4 min read

My Love Dynamo

It’s one of those nights out where everyone knows you and would like a word.

Previously: A rich dame gives us some dubious histories of a magical box that plays your perfect song. Batya gets bored and tries to get some dough for it, but no dice. So she runs away, perhaps injuring a creepy baby in the process?

— 29 —

As Batya bursts out onto the boulevard in front of the nameless restaurant, she wonders if it doesn’t have a name because a) it’s not really a restaurant at all but rather b) Señora Valentina’s personal lair. She decides her theory is on the right track when she notices that the maître d’ and the waiters and the kitchen staff are all chasing after her, bellowing crude threats in an assortment of languages.

Then she wonders if she maybe pulled a hammy when her mulitas truck (RIP) got t-boned. And then she decides to stop wondering and start running, despite the pain, cutting between bungalows and stomping across nicely manicured lawns. Now her pursuers are yelling threats at each other. It sounds like no one’s in charge, which is good.

Bat’s not super familiar with this swanky neighborhood, but figures as long as she heads downhill toward the docks she’ll be fine. Thing about Fort Hook? It’s easy—too easy—to disappear into its tortuous streets and alleys and canals. One of the many reasons that Bat is such a staunch—

A dark sedan screeches to a halt in front of her. Window rolls down and the uggo behind the wheel gives her the stink eye. And…sayyyy, who’s that glaring at her from the passenger seat? Why it’s none other than Vinnie Vinegar, duct tape holding his broken face together.

Bat assumes Vin’s coworkers from the Butterfly Boys scraped him off the pavement and tore off after her in hot pursuit. Or, you know, lukewarm pursuit. As per usual for that grossly incompetent gang, it took them forever to find her. I mean, how long was Valentina boring her balls off in there? An hour? Three? What were they doing this whole time? Certainly weren’t bandaging Vinnie up proper.

Regardless, they’re here now, and the driver is struggling to get some kind of weapon set up and pointed in the right—wait, is that a sniper rifle? Doesn’t that seem like an inappropriate choice given the close quarters?

Bat suddenly feels giddy. She bolts toward the car—running at armed assailants is one of her go-to moves, it tends to rattle them—then leaps onto the hood, then jumps up and down a few times to dent it, then kicks at the windshield to make Vinnie flinch.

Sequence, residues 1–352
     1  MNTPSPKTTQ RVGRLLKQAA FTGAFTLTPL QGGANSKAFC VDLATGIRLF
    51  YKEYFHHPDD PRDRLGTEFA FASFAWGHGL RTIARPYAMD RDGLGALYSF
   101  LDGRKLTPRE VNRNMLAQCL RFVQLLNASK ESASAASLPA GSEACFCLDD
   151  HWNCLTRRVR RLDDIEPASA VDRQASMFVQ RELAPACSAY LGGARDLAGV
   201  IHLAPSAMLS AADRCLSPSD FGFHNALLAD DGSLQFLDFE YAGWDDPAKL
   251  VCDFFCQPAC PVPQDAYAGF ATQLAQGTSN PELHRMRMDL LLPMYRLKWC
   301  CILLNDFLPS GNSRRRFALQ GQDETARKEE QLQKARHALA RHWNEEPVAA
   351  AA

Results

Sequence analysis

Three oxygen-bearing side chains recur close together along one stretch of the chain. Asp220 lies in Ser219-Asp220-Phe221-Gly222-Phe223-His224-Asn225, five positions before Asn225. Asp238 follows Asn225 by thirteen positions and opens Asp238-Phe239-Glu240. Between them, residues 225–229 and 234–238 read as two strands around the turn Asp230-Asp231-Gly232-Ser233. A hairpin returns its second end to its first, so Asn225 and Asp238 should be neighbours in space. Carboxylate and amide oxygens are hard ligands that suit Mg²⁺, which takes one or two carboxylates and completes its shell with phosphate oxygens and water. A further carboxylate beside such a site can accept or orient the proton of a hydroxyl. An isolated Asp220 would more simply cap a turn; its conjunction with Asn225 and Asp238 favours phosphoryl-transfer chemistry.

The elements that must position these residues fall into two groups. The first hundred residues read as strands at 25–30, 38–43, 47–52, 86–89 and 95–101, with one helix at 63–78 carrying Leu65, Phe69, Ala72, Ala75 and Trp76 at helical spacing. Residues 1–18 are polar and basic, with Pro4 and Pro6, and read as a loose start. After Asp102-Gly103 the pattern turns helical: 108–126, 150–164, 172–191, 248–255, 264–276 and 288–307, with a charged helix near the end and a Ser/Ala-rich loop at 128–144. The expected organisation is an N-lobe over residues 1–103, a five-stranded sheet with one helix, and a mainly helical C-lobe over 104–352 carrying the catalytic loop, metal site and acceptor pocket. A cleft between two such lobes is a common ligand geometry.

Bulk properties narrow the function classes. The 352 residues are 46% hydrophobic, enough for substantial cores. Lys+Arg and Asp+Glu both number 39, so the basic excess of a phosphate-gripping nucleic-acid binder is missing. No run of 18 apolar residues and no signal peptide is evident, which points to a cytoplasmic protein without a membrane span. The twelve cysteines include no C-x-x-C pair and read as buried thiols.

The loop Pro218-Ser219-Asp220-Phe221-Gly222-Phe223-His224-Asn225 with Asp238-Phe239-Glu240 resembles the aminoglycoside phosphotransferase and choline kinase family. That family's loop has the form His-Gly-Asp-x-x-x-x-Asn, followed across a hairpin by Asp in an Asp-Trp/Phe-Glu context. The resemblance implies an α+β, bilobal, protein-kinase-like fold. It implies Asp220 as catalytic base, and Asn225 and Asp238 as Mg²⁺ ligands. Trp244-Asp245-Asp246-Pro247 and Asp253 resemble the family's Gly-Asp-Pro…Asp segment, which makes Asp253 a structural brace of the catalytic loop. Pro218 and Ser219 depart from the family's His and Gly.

“You look like nana’s day old meatloaf!” she informs him.

“Savor those words, girl, for they shall be your last,” Vinnie says. It sounds pretty rehearsed.

“I can barely understand you through all those teeth I loosened for you!” Bat yells through the window. Not her best work but surely better than his.

“I’d like to introduce you to my good friend here, Sharpshooter Sofia.”

“Hi Sofia,” Bat says. “How much longer to get that set up?”

“Forty-five more seconds,” the sniper says, frantically screwing something to something else.

“Sorry, sister, I got places to be. Maybe next time?” Then Bat hops off the hood and runs toward the sea.

Fifteen minutes later she’s at Hillers Theatre, which screens movies from a couple years ago. Now showing is a romance picture called The Spark of Desire. Dianne Foxfeather plays an architect who falls for an arsonist, it’s pretty good.

Kid in the ticket booth knows her. “Gracious, Bat, you look wretched.”

She’s bent over, coughing. Hamstring ablaze. She holds up a finger while she catches her breath. Then: “One ticket to the matinee showing of My Love Dynamo.”

“We stopped using passwords last week,” the kid says. “Just go on up.”

“That,” wheeeeze, “that doesn’t seem very secure.”

“We have a new solution in place. You’ll see.”

Sure enough, when Bat staggers up the winding stairs to the projection booth, she’s stopped by a terrifically tall/wide man sporting nothing but a pair of tight leather pants and an octopus tattooed across his vast smooth shiny chest.

“Uh,” Bat says. “Well met, gentle sir.”

“Hi to you,” he says.

“I need to see your boss.”

“You have appointment?” No clue what his accent is.

“I got something he might want to get his hands on. So to speak.”

“Is it item of tremendous splendor?”

“Yeah sure, it’s real tremendous.”

“Give me item, I give to him.”

“Sorry, big guy, that’s not how this works.”

“Then we engage in malzka. The victor get item.”

“What’s…I don’t know what that is.”

Malzka. Fight to death. Use only feet.”

Bat looks him over and is about to say sure why not when the booth door swings open and an old lady says, “Steve, I thought I told you you weren’t allowed to talk.” Then she peers around his swollen torso. “Battery! What an unexpected treat.”

“Hey Alice.”

“You here to pay off your vig? The kneecappers are getting antsy.”

“Kind of? I’m carrying something of value.”

“Tremendous splendor,” Steve says.

“Steve, shut the fuck up,” the old lady says, then extends her old lady hand to Bat. “Give it here, I’ll appraise it.”

“You think I’m a dummy?” Bat says.

“I don’t think it, no.”

“Just let me talk to him. Please.”

Alice shrugs. “It’s your life.”

Bat nods sadly. “Yeah, I know.”


This has been Chapter 29 of Chokeville, a novel by Josh Fireland.

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